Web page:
The Porsche 996 gets a lot of hate, but there are a lot of good things about itby Dim Angelov, on LISTEN 07:08
The Porsche 911 is a car that doesn’t need an introduction. Since 1964, the rear-engine sports car from Stuttgart has set the benchmark for performance cars around the globe. That said, every family has a black sheep, and sadly, the 996 generation of the Porsche 911 has been branded as one. According to many, it was a deviation from Porsche’s traditional way of doing things, but we are here to tell you that the 996 was, in fact, superior to all its predecessors when it came out - here’s why.
The Porsche 996 Broke the "Evolution Not Revolution" Rule
There are, indeed, a lot of interesting facts about the 1997-2004 Porsche 911, but we are going to focus on what the car brought in terms of innovations, as this is one of the main reasons for its controversy. By 1997, the Porsche 911 had already been through four generations. However, they were all based on the same platform. Porsche’s philosophy for the 911 was “Evolution, not revolution”, which is why they kept modifying the same platform they were using since the 1960s.
The 996 Was the First Entirely New Porsche
Some of the more hardcore 911 fans gave the 996 a hard time because it was so different than all others before it. It was developed from the ground up, but at the same time, that was seen as a deviation from the 911 tradition.
That said, you can’t argue with performance and that the new chassis, in fact, gave the 996 superior handling than even the coveted 993 – a car considered by some fans to be the greatest 911 generation ever made.
In fact, a 1998 New York Times review of the 996 praised its handling characteristics, saying that it’s even better than the 993.
It Was More Modern Looking
I wasn’t going to mention the headlights, but since it’s one of the main “highlights” of the 996, here goes. The matter of aesthetics has always been a subjective one, but the truth is, earlier 996 models were considered ugly. Moreover, instead of the traditional round headlights, which everyone had gotten used to, the 996 had what people called “The fried eggs”.
Not only that, they were shared with the 987 Boxter, which was the entry-level Porsche sports car at the time and 911 owners frowned upon the fact their 911 had the headlights of a more affordable model. In 2001, the 911 Turbo came, and every other 996 version adopted its headlights.
An Entirely New Interior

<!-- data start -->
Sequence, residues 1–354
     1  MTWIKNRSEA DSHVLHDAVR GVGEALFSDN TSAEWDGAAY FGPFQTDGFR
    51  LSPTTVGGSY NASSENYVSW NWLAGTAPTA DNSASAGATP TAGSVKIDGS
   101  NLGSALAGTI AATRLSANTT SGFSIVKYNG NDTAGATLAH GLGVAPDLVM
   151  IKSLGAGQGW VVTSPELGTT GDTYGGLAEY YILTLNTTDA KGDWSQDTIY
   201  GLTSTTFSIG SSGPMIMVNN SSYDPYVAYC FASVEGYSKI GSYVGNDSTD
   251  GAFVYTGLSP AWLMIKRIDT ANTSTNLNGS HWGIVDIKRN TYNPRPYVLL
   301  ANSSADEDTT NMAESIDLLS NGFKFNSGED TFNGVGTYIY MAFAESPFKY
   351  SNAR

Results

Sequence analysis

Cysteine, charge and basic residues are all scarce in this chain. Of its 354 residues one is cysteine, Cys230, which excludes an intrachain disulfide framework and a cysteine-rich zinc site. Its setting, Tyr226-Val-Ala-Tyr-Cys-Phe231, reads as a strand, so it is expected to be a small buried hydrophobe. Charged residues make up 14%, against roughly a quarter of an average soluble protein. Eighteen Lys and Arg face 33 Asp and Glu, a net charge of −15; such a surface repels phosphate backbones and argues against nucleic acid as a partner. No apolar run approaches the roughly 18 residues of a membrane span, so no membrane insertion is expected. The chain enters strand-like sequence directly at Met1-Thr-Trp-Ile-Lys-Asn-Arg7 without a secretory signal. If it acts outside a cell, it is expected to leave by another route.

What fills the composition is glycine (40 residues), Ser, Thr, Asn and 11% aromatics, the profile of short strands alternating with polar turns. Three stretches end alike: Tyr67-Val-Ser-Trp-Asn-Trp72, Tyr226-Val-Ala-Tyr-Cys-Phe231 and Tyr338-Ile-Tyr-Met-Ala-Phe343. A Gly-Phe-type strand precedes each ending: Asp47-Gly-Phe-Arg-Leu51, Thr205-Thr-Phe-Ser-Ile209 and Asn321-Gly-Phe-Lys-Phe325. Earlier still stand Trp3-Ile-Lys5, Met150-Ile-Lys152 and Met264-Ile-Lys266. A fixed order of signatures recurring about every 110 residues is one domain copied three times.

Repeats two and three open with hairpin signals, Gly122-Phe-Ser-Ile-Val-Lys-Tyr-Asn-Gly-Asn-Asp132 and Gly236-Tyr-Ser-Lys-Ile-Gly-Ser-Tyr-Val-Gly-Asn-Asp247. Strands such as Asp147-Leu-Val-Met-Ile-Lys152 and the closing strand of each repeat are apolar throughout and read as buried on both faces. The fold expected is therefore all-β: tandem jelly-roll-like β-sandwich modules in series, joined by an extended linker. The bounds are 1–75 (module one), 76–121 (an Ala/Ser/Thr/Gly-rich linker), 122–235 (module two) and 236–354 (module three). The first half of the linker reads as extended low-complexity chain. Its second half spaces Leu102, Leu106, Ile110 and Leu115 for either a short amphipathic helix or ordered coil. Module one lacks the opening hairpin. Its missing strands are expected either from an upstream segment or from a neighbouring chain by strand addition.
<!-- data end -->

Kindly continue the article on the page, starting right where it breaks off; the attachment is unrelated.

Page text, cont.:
All Porsche 911 generations before the 996 shared not only the platform, but also the interior layout. If you look at interior images from all 911 generations before the 996, you will find that they are strikingly similar. Of course, just like the platform, it evolved over the years and people got used to it.
One of the other changes the 996 brought was the entirely new interior. As it turned out, that was both good and bad. On one hand, the 996 interior was by far the most modern interior of any other 911 at the time. Some 911 enthusiasts will be quick to point out that the interior hasn’t aged that well and they would be right. Then again, the same goes for almost any other interior from that period, so is it really a surprise?
Fun fact: pre-facelift 996 models didn’t have a glovebox. That changed for the 2002 model year.
Granted, the interior did feature rather cheap plastics throughout, and the leather on the seats wasn’t exactly the best quality, resulting in premature wear. In addition, some of the later pre-facelift 996 were not as well put together as the initial 996 batch or the facelifted models due to Porsche searching for more cost-efficient ways to manufacture the 911. Luckily, they gave up the practice once the 996 was facelifted.
The First Water-Cooled 911
One of the reasons why die-hard 911 fans love the 993 is because it’s the last air-cooled 911. The major change that the 996 brought was the addition of water cooling. Among other things, this meant that the 996 could produce more power from smaller displacement.
Earlier models had the 3.4-liter M96 flat-six with 296 horsepower (221 kilowatts) and 260 pound-feet (350 Nm).
Later models upgraded to a 3.6-liter version of the flat-six, with 316 to 376 horsepower (235 to 280 kilowatts) and 270 to 284 pound-feet (370 to 385 Nm) for the normally-aspirated versions. The same non-turbocharged engines are known to suffer from a couple of problems, the main ones being the intermediate shaft (IMS) bearing, which could cause catastrophic failure and bore scoring. The rear main seal is also prone to leaking, but reports indicate that this is due to the crankshaft design. Luckily there is a “permanent RMS upgrade” available that fixes the issue.
GT3, GT3 RS, GT2, and Turbo models have different engine design and the IMS issue is not present there. The Turbo and GT2 versions are also twin-turbocharged, which brings power to 416 to 476 horsepower (309 to 355 kilowatts) and 410 to 470 pound-feet (560 to 640 Nm). In GT2 form, the 996 is capable of 198 mph (318 km/h) and a 0 to 60 mph (97 km/h) time of 3.6 seconds.
Still a bargain
The 996 is currently at that price point where it’s the most affordable way to grab a Porsche 911. Every generation before and after the 996 is a lot more expensive, although the 997 prices are also declining. That said, a good 996 can be had for around $20,000 – 30,000, depending on the spec and mileage. If you want a Turbo, be prepared to pay around double that, while the GT3 and GT2 versions are even more expensive, as is the case with any other 911 generation.